Cryogenic safety tool developed at CERN
by Jennifer Toes (CERN)
In September 2016 CERN hosted its first seminar on cryogenic safety and attracted 120 participants. The seminar was organised by CERN’s occupational Health Safety and Environmental (HSE) Protection Unit, and built upon their expert knowledge on cryogenics, as a result of the extensive cooling systems in place for the Large Hadron Collider (LHC).
The seminar aimed to bring together research institutes and members of industry on topics such as European activities and standards, research and development, risk assessment, and the development of rules and regulations for cryogenic safety systems.
As part of their work, CERN’s HSE unit spear-headed the development of a pioneering tool, named Kryolize Professional, to help size the safety devices used in the LHC cryogenics systems. Kryolize allows engineers to correctly calculate the sizing requirements of cryogenic pressure relief devices, which is crucial in minimising the risk of overpressure.
Whilst originally created for internal use by LHC engineers, Kryolize Professional can also be applied outside of CERN and High Energy Physics (HEP) research. The tool was developed within the scope of international, European and American safety standards to create a harmonised approach across different fields, such as in the food industry or for medical applications.
Standards exist for some industries and applications, but they are not always standardised across disciplines.
“When we go to very low cryogenic temperatures, like we use at CERN, these standards do not exist or they’re not fully tailored,” said Andre Henriques, a Mechanical Engineer and Kryolize project leader.
The CERN Knowledge Transfer (KT) group has supported the Kryolize project to facilitate its dissemination beyond CERN, In particular by granting it funding through the CERN Knowledge Transfer Fund.
The next steps are to verify the tool’s parameters, harmonize its data, develop and finalise its user interface, obtain commercial licences and disseminate the software abroad and throughout different disciplines.
In addition, the project will participate in standardisation committees across Europe to ensure harmonized and tailored approach in cryogenic safety.
“Safety should be the front wagon in the development of new technology,” said Henriques.
QUACO companies ready for announcement
by Isabel Bejar Alonso (CERN) & Panos Charitos (CERN)
The QUACO project logo (Image: CERN)
The four companies that will participate in phase 1 of the QUACO project are expected to be announced on the 29th September 2016. QUACO is a Pre Commercial Procurement (PCP) Project (Grant Agreement 689359) with scope to procure two pilot 3.8 m quadrupole magnets with two 90 mm apertures, an integrated gradient of 440 T with 120 T/m in the transverse plane, and which will have an operational temperature of 1.9 K. The magnets will be installed in the matching sections.
PCP is the European Union’s Horizon 2020 COFUND instrument for purchasing R&D services for the development of innovative products, services or processes. One of the biggest advantages of PCP is that it allows all involved parties, both public buyers and private suppliers, to share opportunities as well as risk. As such, public purchasers are able to acquire innovative solutions to satisfy challenging needs. In addition, the project supports the R&D of enterprises, with particular benefits for small and medium enterprises (SMEs) which are encouraged to grow their competitive capital.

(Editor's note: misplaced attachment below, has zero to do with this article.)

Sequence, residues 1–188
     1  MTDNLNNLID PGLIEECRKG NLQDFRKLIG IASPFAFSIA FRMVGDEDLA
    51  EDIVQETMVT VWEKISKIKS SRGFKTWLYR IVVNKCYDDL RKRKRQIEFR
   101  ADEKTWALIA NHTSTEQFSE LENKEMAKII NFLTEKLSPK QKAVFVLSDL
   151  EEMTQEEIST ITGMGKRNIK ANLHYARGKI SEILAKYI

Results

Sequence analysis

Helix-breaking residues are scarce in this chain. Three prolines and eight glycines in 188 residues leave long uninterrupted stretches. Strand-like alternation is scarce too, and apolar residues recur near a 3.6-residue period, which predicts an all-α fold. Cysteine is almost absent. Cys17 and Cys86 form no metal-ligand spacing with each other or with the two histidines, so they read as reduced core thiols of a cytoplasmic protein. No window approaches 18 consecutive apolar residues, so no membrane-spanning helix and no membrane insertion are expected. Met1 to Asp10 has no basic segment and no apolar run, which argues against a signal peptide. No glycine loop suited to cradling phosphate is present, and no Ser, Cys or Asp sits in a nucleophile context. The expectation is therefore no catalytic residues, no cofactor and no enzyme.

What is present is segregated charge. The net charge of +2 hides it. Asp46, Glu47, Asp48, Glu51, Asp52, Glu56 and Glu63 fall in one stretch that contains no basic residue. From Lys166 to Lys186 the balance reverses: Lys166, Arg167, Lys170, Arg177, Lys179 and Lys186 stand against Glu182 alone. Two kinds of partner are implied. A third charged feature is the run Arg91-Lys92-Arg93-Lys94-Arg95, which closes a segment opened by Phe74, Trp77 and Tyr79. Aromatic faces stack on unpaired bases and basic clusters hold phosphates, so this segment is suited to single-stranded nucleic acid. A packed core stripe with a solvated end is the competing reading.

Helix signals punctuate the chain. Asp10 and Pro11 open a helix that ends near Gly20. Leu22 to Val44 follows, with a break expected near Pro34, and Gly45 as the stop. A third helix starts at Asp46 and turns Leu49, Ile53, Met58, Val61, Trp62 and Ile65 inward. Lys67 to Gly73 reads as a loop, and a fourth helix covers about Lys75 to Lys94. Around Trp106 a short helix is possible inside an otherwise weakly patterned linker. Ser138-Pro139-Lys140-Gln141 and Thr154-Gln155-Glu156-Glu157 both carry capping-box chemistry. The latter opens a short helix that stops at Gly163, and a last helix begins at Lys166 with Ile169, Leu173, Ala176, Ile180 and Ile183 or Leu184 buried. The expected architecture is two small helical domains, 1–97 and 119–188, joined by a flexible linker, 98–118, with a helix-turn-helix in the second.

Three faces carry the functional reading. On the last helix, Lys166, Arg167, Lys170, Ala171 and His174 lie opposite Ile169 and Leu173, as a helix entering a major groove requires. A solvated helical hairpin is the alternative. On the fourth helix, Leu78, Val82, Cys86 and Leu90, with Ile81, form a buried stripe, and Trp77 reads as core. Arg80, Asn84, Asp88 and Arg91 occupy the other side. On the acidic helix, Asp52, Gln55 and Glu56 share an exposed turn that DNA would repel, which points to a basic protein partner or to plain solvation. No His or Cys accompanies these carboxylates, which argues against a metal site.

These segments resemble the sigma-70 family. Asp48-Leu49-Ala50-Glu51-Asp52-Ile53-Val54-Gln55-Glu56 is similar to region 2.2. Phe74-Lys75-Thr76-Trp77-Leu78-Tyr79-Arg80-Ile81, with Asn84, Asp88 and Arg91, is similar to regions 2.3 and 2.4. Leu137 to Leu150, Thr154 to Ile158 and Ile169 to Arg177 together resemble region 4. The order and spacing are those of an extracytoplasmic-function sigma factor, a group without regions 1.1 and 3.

Leading companies in the field of magnet production attended the first QUACO meeting to provide an impression of present needs and share feedback with CERN experts (Image: CERN)
The QUACO project draws together four research infrastructures with similar technical requirements in magnet development. By pooling efforts on technological requirements and using their experience from prior procurements, the partners in QUACO act as a single buyer group with sufficient momentum for potential suppliers to consider the phased development of the requested magnets.
The four QUACO partners are:
Commissariat à l’Energie Atomique et aux Energies alternatives (CEA), France,
European Organization for Nuclear Research (CERN), Switzerland,
Centro De Investigaciones Energeticas, Medioambientales Y Tecnologicas (CIEMAT), Spain,
Narodowe Centrum Badan Jadrowych (NCBJ), Poland
CERN acts as the lead procurer coordinating and leading the joint procurement in the name and on behalf of the aforementioned organisations.
The project began on 1 March 2016 and will come to an end in February 2020. It is divided into three phases: solution design, prototyping and pilot deployments, with intermediate evaluations after each phase that will progressively select the best competing solutions.
The QUACO Open Market Consultation was held at CERN on 30 March 2016. Leading companies in the field of magnet production attended the meeting to provide an impression of present needs and share feedback with CERN experts. The meeting covered a range of topics, from technical aspects, such as the current status of the Q4 magnet, its technical scope and requirements; to more legal and administrative matters, such as the legal and contractual framework in which the procurement will be executed. Moreover, CERN engineers demonstrated several examples of tools and fabrication methods that might be used in the frame the project. The project tooling requirements were explained, and the market availability and areas for development were identified.
Pre-commercial procurement is a unique and novel procurement method in the field of accelerator components, and QUACO aims to demonstrate its full potential for success in this field.